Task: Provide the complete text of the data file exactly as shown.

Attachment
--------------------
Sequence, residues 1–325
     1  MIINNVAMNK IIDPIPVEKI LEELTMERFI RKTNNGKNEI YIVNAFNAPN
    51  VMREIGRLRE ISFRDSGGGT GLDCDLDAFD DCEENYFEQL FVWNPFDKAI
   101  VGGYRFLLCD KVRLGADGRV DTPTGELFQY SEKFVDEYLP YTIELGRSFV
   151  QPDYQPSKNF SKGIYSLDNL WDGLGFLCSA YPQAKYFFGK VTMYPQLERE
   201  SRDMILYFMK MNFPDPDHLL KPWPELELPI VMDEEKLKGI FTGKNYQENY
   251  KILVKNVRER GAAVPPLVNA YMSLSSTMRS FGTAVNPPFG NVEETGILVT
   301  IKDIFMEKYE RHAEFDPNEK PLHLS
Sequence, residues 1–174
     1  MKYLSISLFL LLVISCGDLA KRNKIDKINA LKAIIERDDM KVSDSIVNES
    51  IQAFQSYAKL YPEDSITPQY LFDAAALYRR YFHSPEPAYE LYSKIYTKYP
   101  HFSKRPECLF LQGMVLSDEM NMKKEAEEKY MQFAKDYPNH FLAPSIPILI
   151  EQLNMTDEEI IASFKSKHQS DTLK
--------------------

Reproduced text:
Sequence, residues 1–325
     1  MIINNVAMNK IIDPIPVEKI LEELTMERFI RKTNNGKNEI YIVNAFNAPN
    51  VMREIGRLRE ISFRDSGGGT GLDCDLDAFD DCEENYFEQL FVWNPFDKAI
   101  VGGYRFLLCD KVRLGADGRV DTPTGELFQY SEKFVDEYLP YTIELGRSFV
   151  QPDYQPSKNF SKGIYSLDNL WDGLGFLCSA YPQAKYFFGK VTMYPQLERE
   201  SRDMILYFMK MNFPDPDHLL KPWPELELPI VMDEEKLKGI FTGKNYQENY
   251  KILVKNVRER GAAVPPLVNA YMSLSSTMRS FGTAVNPPFG NVEETGILVT
   301  IKDIFMEKYE RHAEFDPNEK PLHLS
Sequence, residues 1–174
     1  MKYLSISLFL LLVISCGDLA KRNKIDKINA LKAIIERDDM KVSDSIVNES
    51  IQAFQSYAKL YPEDSITPQY LFDAAALYRR YFHSPEPAYE LYSKIYTKYP
   101  HFSKRPECLF LQGMVLSDEM NMKKEAEEKY MQFAKDYPNH FLAPSIPILI
   151  EQLNMTDEEI IASFKSKHQS DTLK